Health

More AFM cases confirmed; 106 children paralyzed from mysterious illness

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ATLANTA – As parents become more worried about a mysterious illness that's paralyzing children, new numbers show more kids are getting it.

The Atlanta-based Centers for Disease Control and Prevention announced 16 more AFM cases on Monday. That brings the number of confirmed cases this year to 106.

They are in 29 states, including Georgia.

[MORE: CDC information on AFM]

We're learning why the number of cases could double, on Channel 2 Action News This Morning


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  • Among the people who were diagnosed with AFM since August 2014:
  • The cause of most of the AFM cases remains unknown.
  • We don’t know what caused the increase in AFM cases starting in 2014.
  • We have not yet determined who is at higher risk for developing AFM, or the reasons why they may be at higher risk.
  • We do not yet know the long-term effects of AFM. We know that some patients diagnosed with AFM have recovered quickly, and some continue to have paralysis and require ongoing care.

CDC is actively investigating AFM cases and monitoring disease activity. We are working closely with healthcare providers and state and local health departments to increase awareness for AFM. We are encouraging healthcare providers to recognize and report suspected cases of AFM to their health departments, and for health departments to send this information to CDC to help us understand the nationwide burden of AFM. CDC is also actively looking for risk factors and possible causes of this condition.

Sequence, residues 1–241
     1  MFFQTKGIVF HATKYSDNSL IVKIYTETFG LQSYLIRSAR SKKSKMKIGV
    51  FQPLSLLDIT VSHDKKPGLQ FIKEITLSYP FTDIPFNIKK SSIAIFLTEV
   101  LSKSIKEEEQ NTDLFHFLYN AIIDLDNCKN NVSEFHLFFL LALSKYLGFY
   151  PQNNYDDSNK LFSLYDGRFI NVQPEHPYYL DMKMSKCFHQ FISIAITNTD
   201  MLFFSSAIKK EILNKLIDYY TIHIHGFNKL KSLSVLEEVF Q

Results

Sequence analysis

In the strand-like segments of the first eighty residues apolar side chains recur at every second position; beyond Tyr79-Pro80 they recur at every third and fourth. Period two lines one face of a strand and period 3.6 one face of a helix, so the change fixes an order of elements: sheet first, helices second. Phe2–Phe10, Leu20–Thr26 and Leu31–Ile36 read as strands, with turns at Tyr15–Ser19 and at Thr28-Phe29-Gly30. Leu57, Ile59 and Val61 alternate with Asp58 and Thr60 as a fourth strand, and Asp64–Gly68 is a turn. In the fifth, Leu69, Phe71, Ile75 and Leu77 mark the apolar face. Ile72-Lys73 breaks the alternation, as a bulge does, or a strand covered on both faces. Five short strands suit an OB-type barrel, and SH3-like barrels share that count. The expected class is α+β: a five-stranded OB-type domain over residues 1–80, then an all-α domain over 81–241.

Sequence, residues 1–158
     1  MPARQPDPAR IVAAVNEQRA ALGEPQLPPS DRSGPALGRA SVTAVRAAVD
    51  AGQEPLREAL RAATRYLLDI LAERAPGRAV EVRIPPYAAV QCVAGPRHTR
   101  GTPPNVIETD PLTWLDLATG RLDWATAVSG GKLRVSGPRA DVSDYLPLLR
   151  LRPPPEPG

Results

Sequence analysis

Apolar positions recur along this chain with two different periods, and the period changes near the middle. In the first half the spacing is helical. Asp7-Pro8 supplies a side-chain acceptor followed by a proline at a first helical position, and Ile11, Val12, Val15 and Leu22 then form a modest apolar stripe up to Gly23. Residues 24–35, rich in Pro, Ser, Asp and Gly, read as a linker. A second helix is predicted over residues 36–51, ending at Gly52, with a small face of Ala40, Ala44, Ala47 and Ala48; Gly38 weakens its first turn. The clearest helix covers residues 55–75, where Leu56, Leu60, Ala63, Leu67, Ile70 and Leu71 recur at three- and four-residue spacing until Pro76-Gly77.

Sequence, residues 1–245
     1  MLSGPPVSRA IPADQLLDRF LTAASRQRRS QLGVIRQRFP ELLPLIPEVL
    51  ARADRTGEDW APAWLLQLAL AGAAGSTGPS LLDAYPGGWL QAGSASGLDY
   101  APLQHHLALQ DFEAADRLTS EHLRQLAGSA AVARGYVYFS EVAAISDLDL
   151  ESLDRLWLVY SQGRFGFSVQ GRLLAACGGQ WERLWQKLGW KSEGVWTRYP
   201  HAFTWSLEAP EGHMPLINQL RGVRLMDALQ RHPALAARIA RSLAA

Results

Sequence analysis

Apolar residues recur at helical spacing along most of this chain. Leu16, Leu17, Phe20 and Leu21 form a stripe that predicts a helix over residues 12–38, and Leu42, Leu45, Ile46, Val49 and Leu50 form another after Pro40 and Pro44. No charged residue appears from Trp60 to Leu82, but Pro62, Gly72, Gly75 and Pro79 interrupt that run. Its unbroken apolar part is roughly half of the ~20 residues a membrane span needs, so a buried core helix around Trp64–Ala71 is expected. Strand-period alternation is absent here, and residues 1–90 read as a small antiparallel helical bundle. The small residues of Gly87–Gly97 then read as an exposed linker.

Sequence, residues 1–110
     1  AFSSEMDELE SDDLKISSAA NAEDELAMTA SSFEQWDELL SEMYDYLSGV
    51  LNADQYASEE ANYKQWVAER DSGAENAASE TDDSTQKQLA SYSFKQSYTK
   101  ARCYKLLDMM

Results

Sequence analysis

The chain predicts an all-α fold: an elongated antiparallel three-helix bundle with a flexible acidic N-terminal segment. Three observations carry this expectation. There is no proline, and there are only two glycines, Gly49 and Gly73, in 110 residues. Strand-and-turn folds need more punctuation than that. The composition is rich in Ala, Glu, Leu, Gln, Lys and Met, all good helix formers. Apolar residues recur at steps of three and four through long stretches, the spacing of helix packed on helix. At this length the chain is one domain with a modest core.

CDC activities include:

  • Urging healthcare providers to be vigilant for AFM among their patients, and to send information about suspected cases to their health departments
  • Verifying clinical information of suspected AFM cases submitted by health departments, and working with health departments and neurologists to classify cases using a case definition adopted by the Council of State and Territorial Epidemiologists (CSTE)
  • Testing specimens, including stool, blood, and cerebrospinal fluid, from suspected AFM cases
  • Working with healthcare providers, experts, and state and local health departments to investigate and better understand the AFM cases, including potential causes and how often the condition occurs
  • Providing new and updated information to healthcare providers, health departments, policymakers, the public, and partners in various formats, such as scientific journals and meetings, and CDC’s AFM website and social media
  • Using multiple research methods to further explore the potential association of AFM with possible causes as well as risk factors for AFM. This includes collaborating with experts to review MRI scans of people from the past 10 years to determine how many AFM cases occurred before 2014, updating treatment and management protocols, and engaging with several academic centers to conduct active surveillance simultaneously for both AFM and respiratory viruses.

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